Students may assume when you are building quadrilaterals with a set of objects of the same length, the resulting shapes are congruent. They may think that two shapes are congruent because they can physically manipulate them to make them congruent. Ask them to first build their quadrilateral and then compare it with their partner's. The goal is not to ensure the two are congruent but to decide whether they have to be congruent.
To start the discussion, ask:
- "Were the quadrilaterals that you built always congruent? How did you check?"
- "Was it possible to build congruent quadrilaterals? What parts were important to be careful about when building them?"
Students should recognize that there are three important concerns when creating congruent polygons: congruent sides, congruent angles, and the order in which they are assembled.
Tell students that it is actually enough to guarantee congruence between two polygons if all three of those criteria are met. That is, “Two polygons are congruent if they have corresponding sides that are congruent and corresponding angles that are congruent.”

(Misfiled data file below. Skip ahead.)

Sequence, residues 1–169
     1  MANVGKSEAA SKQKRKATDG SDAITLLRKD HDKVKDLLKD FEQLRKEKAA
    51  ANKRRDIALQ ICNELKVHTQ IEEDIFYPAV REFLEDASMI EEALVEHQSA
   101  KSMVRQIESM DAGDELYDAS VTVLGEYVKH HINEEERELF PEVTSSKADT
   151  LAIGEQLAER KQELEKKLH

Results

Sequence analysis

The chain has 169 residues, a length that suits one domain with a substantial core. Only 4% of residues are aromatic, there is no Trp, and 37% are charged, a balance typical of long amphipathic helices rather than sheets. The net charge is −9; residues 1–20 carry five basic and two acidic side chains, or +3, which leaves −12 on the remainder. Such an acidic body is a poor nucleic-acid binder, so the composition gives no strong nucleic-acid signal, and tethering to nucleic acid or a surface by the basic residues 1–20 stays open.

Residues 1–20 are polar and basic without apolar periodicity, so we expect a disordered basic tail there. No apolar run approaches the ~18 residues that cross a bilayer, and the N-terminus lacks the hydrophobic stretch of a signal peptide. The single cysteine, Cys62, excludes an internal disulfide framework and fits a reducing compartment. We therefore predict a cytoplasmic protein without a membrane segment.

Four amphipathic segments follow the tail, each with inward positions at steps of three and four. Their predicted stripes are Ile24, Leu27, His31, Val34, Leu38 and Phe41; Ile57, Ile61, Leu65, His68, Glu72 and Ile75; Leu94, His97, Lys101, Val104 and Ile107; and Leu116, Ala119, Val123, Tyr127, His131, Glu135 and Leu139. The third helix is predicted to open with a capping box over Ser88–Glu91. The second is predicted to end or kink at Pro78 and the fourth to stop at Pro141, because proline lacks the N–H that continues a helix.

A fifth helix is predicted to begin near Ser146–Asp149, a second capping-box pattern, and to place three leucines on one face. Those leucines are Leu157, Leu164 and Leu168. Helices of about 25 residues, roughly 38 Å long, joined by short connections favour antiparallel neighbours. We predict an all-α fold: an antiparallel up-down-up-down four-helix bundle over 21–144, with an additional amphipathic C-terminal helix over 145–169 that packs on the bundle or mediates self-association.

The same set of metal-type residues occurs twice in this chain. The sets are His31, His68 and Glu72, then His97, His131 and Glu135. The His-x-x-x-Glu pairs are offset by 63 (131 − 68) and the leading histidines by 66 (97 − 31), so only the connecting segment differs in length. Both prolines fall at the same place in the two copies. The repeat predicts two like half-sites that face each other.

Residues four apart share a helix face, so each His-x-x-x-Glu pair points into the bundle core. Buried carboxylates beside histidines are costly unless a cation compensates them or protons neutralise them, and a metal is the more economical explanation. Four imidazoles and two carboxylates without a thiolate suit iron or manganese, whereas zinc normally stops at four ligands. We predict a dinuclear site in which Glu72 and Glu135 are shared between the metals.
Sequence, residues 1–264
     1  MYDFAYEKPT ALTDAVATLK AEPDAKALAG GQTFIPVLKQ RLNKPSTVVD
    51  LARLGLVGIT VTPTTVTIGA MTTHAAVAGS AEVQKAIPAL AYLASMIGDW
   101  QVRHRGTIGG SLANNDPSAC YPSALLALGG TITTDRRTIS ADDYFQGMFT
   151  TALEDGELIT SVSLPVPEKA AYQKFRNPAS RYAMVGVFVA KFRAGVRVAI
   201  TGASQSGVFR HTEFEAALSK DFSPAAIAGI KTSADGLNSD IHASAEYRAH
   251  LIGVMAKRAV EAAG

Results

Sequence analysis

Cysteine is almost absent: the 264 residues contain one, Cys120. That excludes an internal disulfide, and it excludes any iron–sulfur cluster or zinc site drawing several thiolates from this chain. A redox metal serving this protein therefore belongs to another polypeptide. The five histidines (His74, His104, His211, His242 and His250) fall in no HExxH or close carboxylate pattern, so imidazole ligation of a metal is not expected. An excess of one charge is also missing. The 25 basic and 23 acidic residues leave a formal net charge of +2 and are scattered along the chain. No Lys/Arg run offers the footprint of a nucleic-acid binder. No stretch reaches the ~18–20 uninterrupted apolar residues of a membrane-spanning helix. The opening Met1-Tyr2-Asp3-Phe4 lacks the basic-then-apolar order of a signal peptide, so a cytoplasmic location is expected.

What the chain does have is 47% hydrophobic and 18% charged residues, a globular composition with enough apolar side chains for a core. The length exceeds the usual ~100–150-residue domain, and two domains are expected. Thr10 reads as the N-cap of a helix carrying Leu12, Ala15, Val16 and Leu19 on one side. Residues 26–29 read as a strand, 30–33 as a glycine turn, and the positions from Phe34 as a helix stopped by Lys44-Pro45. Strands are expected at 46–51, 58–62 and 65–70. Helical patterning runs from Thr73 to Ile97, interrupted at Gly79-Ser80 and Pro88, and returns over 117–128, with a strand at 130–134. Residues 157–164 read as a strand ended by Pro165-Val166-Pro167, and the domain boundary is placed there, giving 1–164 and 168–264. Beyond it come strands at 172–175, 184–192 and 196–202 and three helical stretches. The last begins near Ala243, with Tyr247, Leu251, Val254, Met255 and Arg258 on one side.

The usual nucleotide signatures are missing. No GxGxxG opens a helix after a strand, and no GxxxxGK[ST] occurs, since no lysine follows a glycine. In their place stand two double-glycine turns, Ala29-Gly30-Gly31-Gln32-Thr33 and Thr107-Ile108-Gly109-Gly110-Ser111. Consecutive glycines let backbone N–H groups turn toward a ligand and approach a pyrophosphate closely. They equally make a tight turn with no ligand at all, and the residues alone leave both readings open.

Also highlight the fact that with two pairs of different congruent sides, there are two different types of quadrilaterals that can be built: kites (the pairs of congruent sides are adjacent) and parallelograms (the pairs of congruent sides are opposite one another). When all 4 sides are congruent, the quadrilaterals that can be built are all rhombuses.
Design Principle(s): Support sense-making
The main points to highlight at the conclusion of the lesson are:
- Two figures are congruent when there is a sequence of translations, rotations, and reflections that match one figure up perfectly with the other (this is from the previous lesson but it is vital to thinking in this lesson as well.).
- When showing that two figures are congruent on a grid, we use the structure of the grid to describe each rigid motion. For example, translations can be described by indicating how many grid units to move left or right and how many grid units to move up or down. Reflections can be described by indicating the line of reflection (an axis or a particular grid line are readily available).
- Two figures are not congruent if they have different side lengths, different angles, or different areas.